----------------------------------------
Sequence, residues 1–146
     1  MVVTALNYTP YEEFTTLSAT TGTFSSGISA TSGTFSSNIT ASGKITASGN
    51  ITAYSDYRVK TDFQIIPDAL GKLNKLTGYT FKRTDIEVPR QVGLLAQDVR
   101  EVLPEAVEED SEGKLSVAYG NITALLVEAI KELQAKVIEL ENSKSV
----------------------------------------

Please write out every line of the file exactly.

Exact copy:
Sequence, residues 1–146
     1  MVVTALNYTP YEEFTTLSAT TGTFSSGISA TSGTFSSNIT ASGKITASGN
    51  ITAYSDYRVK TDFQIIPDAL GKLNKLTGYT FKRTDIEVPR QVGLLAQDVR
   101  EVLPEAVEED SEGKLSVAYG NITALLVEAI KELQAKVIEL ENSKSV